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"Size Doesn't Matter" Day

I'm going to play Limbo sober one day. I'll probably like it more.

I learned through Quarter to Three that yesterday was Size Doesn’t Matter day where, organised by Jamie Cheng of Klei (Shank, Sugar Rush), a series of developers apologises to their partners for their ineffectual genitalia share their thoughts on the issue of what is “too small”, in terms of games. It’s been a theme in games discussion for a few years now, and seems to have been brought to a head by the few shadows cast on Limbo‘s generally triumphant reviews by people complaining it was “too short”. Which is silly. They should have complained it was just trial-and-error-nonsense with pretty graphics. Anyway, this lead to over 15 essays on the topic, which seem determined to precipitate the issue. Sample quotes plus links to all the ones I could find follow…

Ron Carmel, 2D Boy (World of Goo)

Saying Too Short is like using words like Should, Good, Bad, etc. These are lazy words. Socially acceptable shortcuts that allow people to speak superficially about what they really think and feel. Using lazy words is not a big deal in casual conversation, or if you’re speaking with someone who knows you well enough to understand what’s behind the shortcut. But if you write about games for a living you should not take these shortcuts you do your readers an injustice by seeding their mind with a negative predisposition that reflects your laziness instead of helping the reader learn about your experience of the game.

Chris Hecker (Spy Party):

The typical analogy made by defenders of game pricing and value is to the cost of eating out at a restaurant. When the price being discussed is $15, the food being discussed is usually fast. And, while it’s true you will pay more for a pizza these days than you will for a “AAA Indie Game”—or you will if your pizza is any good—and, yes, a $15 game will give you more direct hours of content than a $15 movie will, I claim if you’re even engaging at this level, you’ve already lost the argument.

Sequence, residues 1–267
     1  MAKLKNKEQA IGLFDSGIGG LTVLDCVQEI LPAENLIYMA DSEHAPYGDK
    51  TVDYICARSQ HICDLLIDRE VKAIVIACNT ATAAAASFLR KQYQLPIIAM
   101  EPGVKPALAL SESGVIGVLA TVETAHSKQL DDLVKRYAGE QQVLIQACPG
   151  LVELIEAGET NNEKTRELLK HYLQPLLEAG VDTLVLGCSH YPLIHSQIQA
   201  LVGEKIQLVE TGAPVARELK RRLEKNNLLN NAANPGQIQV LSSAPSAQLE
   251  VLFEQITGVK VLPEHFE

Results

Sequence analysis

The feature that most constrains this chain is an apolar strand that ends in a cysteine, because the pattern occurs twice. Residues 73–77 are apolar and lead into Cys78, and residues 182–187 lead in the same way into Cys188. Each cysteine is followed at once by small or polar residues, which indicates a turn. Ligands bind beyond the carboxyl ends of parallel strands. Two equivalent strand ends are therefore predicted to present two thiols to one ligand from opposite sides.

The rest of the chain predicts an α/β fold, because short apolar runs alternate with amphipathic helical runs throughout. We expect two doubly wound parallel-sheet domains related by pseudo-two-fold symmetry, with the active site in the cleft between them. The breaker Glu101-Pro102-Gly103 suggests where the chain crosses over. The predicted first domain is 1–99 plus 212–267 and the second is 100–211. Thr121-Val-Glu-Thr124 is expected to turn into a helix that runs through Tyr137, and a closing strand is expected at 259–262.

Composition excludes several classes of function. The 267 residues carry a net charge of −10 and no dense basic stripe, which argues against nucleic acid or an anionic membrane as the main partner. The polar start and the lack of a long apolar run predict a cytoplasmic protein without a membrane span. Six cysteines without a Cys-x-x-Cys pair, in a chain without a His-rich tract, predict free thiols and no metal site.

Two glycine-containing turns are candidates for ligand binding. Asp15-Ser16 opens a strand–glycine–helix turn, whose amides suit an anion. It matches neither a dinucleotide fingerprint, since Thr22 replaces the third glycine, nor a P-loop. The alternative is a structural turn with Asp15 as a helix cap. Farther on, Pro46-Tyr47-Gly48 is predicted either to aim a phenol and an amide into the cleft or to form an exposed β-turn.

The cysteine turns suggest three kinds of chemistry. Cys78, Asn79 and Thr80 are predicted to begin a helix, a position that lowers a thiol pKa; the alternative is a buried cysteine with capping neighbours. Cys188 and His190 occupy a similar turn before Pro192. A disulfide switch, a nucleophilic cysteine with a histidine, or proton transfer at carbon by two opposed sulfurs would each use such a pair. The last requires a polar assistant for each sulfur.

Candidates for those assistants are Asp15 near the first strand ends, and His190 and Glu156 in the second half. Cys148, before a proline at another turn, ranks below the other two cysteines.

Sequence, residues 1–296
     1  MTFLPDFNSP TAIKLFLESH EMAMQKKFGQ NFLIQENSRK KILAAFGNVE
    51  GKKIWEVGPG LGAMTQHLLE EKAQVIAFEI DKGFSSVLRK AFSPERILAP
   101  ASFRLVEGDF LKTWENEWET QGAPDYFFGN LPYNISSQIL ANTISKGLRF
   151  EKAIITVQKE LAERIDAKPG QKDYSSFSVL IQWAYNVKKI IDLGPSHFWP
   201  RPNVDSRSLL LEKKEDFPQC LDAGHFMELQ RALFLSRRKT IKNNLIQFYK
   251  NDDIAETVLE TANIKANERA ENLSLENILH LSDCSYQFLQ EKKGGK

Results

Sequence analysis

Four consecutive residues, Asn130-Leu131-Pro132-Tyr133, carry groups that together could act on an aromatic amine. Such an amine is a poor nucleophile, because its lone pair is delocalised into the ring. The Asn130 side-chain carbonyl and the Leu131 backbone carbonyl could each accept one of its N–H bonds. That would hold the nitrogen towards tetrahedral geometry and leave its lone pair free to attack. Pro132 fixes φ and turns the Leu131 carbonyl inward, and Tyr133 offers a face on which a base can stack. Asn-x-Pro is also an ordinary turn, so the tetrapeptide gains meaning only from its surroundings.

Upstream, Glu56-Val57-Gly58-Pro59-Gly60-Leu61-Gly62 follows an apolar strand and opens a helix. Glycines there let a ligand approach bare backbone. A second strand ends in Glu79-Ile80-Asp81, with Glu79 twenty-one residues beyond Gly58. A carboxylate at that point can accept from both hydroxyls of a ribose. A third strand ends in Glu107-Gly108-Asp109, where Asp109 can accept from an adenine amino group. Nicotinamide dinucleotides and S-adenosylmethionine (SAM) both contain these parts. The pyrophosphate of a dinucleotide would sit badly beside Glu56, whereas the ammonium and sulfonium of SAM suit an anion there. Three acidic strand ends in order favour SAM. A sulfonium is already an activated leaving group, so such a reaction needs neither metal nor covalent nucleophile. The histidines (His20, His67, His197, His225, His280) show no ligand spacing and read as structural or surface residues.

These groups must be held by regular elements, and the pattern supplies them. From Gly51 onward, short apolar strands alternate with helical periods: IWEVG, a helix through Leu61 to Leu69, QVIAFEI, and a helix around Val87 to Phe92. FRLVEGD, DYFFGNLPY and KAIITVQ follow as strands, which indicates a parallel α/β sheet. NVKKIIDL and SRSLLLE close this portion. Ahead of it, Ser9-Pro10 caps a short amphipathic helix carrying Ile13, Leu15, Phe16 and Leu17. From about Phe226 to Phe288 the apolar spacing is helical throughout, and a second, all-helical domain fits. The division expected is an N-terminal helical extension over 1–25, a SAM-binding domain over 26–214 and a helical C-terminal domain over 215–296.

Jonathan Blow (Braid, The Witness):

Gamers seem to praise games for being addicting, but doesn’t that feel a bit like Stockholm syndrome? If you spend 20 hours playing a game, but the good parts could have been condensed into 3, then didn’t you just waste 17 hours? If you waste 17 hours a month for the rest of your life, what is the cost of that, socially, quality-of-life-wise, economically, or however else you want to measure?

Cliff Harris (Kudos, Gratuitous Space Battles:

As an ‘older’ gamer, I recall a time when the whole idea of game length was silly. How long is pacman? how long is space invaders? As long as you have time for, clearly. Now you may argue (and some do) that the only reason that early games worked this way was the artificial constraints caused by a lack of processing power and file storage. These days we can have games with hand-crafted, bump mapped worlds made in incredible detail, and this is clearly better and more immersive and thus games should be measured in this way.
Now I’m not vaguely going to suggest that more-detailed, more immersive worlds are not a good thing. They clearly are. What I’m against is the weighing up of a games value (both artistically and in monetary terms) by sheer length and content.

And a list of most of the ones I can find, in the order Jonathan Blow put them in…

Ron Carmel of 2DBoy (World of Goo)
Chris DeLeon (Kerzillion of things)
Dave Gilbert of Wadjet Eye Games (Shivah, Emerald City Confidential)
Matt Gilgenbach of 24 Caret Games (retro/grade)
Michael Todd (Go Go Dream Samurai)
Eitan Glinert of Fire Hose Games (Slam Bolt Scrappers)
Cliff Harris of Positech Games (Kudos, Gratuitous Space Battles)
Chris Hecker (Spy Party)
Scott Macmillan of Macguffin Games
Noel Llopis (Flower Garden, Lorax Garden)
Peter Jones of Retro Affect (Depict1)
Lau Korsgaard (Copenhagen Game Collective – and this one’s cheerily NSFW, but worth clicking through to see the splendid webgame that’s found. It’s discussed a serious debate about the rendering of spunk in the RPS chat room)
Martin Pichlmair of Broken Rules (And Yet It Moves)
Greg Wohlwend of Intution Games (Hundreds)
Jeffrey Rosen of Wolfire (Lugaru, Overgrowth)
Steve Swink (Enemy Airship)

…But there’s probably a few I’ve missed if you scour the links at the bottom of all of them.

And to open it to the floor… what do you think?

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Kieron Gillen

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Kieron Gillen is robo-crazy.

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